Mirror, Mirror

In fiction and folklore, a doppelgänger, doppelgaenger or doppelganger (/ˈdɒp(ə)lˌɡɛŋə/ or /ˌɡæŋə/; German:[ˈdɔpəlˌɡɛŋɐ] ), literally “double goer”) is a look-alike or double of a living person who is sometimes portrayed as a harbinger of bad luck. In some traditions, a doppelgänger seen by a person’s relative or friend portends illness or danger while seeing one’s own doppelgänger is said to be an omen of death.

She’s got my face; she’s got my name. She says the things I say, and she says she lives where I live. She looks just like me– a perfect copy. But she’s not me at all.

Her name’s @hwevekra, and she’s a spambot on Twitter.

When you type my name into the Twitter search bar, as I do occasionally, three things come up. One is me– @hweverka, my Twitter account. One is @catsspamaccount, a Twitter I’ve used occasionally when an organization wants me to auto-tweet or “verify my identity”. But when I searched myself about a week ago, a strange account popped up.

Hannah Wevekra— she uses my name, Hannah Weverka, but because of her Twitter handle I’ll call her Wevekra to avoid confusion– has not tweeted anything. She does, however, have my exact avatar, a selfie during a snowstorm last January; she has my cover image, a wall where the words THE WITCHES ARE COMING is graffitied in sloppy letters; she has my description, she has a link to this blog, she says she lives in New York.

But the date she joined Twitter is hidden– and she only follows three people, which is not like me at all.

So who is Hannah Wevekra? Who would create an account that imitates mine so exactly and not do anything with it? What’s this all about?

The answer is a particularly interesting look at a part of social media most people don’t hear a lot about: follower-buying.

You see ads for it, occasionally, when you click on a particularly popular hashtag. Spambots will tweet that they can get you 100 followers if you only click this link– or pay them money– or do whatever it is this week; typically, you scroll past them to get to the real material. But not everyone, it seems, does this.

On Twitter– and not only on Twitter, but on Facebook and other social media sites– people “selling followers” will create huge numbers of empty accounts, with no one operating them. They’ll mechanically like or follow whatever page their creator tells them to, and then post nothing at all; their only purpose is to make the follower-buyer look good.

In all honesty, there really isn’t a lot of point to buying followers. When you come down to it, there aren’t many people in the world who actually care how many likes your fanpage for Ariana Grande has, or how many followers your Barack Obama parody Twitter account has; mostly, what people care about is if your page or account or blog is any good. But nevertheless people buy followers, and Hannah Wevekra is the proof.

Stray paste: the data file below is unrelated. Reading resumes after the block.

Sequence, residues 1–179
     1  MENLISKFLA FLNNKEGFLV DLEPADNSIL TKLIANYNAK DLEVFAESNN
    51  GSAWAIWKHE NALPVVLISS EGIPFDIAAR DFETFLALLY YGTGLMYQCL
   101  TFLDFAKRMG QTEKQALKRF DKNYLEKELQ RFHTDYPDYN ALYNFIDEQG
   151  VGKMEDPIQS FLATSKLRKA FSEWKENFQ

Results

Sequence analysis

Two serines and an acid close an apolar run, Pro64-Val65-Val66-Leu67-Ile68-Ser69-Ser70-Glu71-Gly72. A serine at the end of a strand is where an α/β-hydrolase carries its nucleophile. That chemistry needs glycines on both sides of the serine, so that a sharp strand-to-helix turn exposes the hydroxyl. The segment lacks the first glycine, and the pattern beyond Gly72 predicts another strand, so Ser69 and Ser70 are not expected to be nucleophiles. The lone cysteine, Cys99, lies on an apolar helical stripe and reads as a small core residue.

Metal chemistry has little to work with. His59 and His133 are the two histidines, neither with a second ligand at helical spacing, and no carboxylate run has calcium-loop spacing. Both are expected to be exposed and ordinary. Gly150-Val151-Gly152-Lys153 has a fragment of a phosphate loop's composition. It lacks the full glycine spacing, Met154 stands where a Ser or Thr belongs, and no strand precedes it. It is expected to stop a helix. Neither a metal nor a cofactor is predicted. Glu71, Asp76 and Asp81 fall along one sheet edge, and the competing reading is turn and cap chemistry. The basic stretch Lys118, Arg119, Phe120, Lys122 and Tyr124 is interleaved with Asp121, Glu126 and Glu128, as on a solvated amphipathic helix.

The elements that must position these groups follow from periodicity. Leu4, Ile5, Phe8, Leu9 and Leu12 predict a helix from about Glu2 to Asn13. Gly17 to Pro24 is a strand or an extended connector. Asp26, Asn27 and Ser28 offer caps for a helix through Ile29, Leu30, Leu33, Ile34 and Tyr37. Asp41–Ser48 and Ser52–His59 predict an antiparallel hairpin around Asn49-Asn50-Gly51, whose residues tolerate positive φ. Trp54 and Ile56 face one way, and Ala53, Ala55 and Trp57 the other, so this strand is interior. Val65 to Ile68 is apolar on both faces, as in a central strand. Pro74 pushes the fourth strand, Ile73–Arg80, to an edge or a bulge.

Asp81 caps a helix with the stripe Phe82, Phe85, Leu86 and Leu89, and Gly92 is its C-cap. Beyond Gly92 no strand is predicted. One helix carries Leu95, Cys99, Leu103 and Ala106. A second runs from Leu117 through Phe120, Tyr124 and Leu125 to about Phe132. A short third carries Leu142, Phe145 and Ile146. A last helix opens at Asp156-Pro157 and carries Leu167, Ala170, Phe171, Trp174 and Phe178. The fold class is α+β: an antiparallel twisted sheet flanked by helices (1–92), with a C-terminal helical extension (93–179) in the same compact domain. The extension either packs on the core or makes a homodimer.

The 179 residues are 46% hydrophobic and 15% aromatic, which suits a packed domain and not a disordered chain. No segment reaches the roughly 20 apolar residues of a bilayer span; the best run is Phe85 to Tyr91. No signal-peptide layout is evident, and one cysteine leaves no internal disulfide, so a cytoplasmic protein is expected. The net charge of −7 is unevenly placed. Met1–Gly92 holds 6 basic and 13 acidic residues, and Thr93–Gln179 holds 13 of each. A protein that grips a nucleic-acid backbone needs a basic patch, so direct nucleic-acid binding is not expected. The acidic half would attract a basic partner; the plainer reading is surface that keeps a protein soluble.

She follows three Twitter accounts: a parody of the Kremlin called @KermlinRussia, the Russian news channel Channel One, and an extremely right-wing Russian actor called Ivan Okhlobystin. (Three guesses as to the nationality of the people who created her, and the first two don’t count.) This is common for followbots like Hannah Wevekra: in order to look more real, they’ll follow not only their client but also a few other accounts. It’s almost impossible to tell which of the three accounts actually paid for her to be built.

And Ms. Wevekra, as we can see, is particularly dedicated to looking real. After all, she has my face; she has my name. Her function is to look like an actual, human follower, and lifting my avatar and descriptions is a quick and easy way to do that. For a robot, she’s pretty clever.

I contemplated reporting @hwevekra as a spam account. It’s definitely an option available to me, and after all, the people who made her are technically spammers; the three accounts she follows don’t deserve as many followers as they’ve got.

But in the end I decided against it. She’s not hurting anyone; it’s nice to have followers, but most people who aren’t you don’t care that much if you’ve got 1,983 or 1,982.

And besides, it’s hard not to like her– just a little bit. After all, they say, imitation is the sincerest form of flattery.

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